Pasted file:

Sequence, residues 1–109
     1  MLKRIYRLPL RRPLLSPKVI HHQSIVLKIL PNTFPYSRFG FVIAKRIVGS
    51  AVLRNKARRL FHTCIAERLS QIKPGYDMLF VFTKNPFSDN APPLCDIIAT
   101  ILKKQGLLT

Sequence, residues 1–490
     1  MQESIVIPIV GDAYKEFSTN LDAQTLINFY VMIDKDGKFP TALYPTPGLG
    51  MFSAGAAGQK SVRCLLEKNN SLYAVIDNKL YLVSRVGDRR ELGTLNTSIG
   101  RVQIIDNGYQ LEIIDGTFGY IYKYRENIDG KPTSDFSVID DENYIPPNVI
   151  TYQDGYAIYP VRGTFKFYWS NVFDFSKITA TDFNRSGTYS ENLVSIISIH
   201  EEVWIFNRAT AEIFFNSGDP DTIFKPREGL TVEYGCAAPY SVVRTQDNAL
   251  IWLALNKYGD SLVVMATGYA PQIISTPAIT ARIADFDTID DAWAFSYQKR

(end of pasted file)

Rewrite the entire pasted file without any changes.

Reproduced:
Sequence, residues 1–109
     1  MLKRIYRLPL RRPLLSPKVI HHQSIVLKIL PNTFPYSRFG FVIAKRIVGS
    51  AVLRNKARRL FHTCIAERLS QIKPGYDMLF VFTKNPFSDN APPLCDIIAT
   101  ILKKQGLLT

Sequence, residues 1–490
     1  MQESIVIPIV GDAYKEFSTN LDAQTLINFY VMIDKDGKFP TALYPTPGLG
    51  MFSAGAAGQK SVRCLLEKNN SLYAVIDNKL YLVSRVGDRR ELGTLNTSIG
   101  RVQIIDNGYQ LEIIDGTFGY IYKYRENIDG KPTSDFSVID DENYIPPNVI
   151  TYQDGYAIYP VRGTFKFYWS NVFDFSKITA TDFNRSGTYS ENLVSIISIH
   201  EEVWIFNRAT AEIFFNSGDP DTIFKPREGL TVEYGCAAPY SVVRTQDNAL
   251  IWLALNKYGD SLVVMATGYA PQIISTPAIT ARIADFDTID DAWAFSYQKR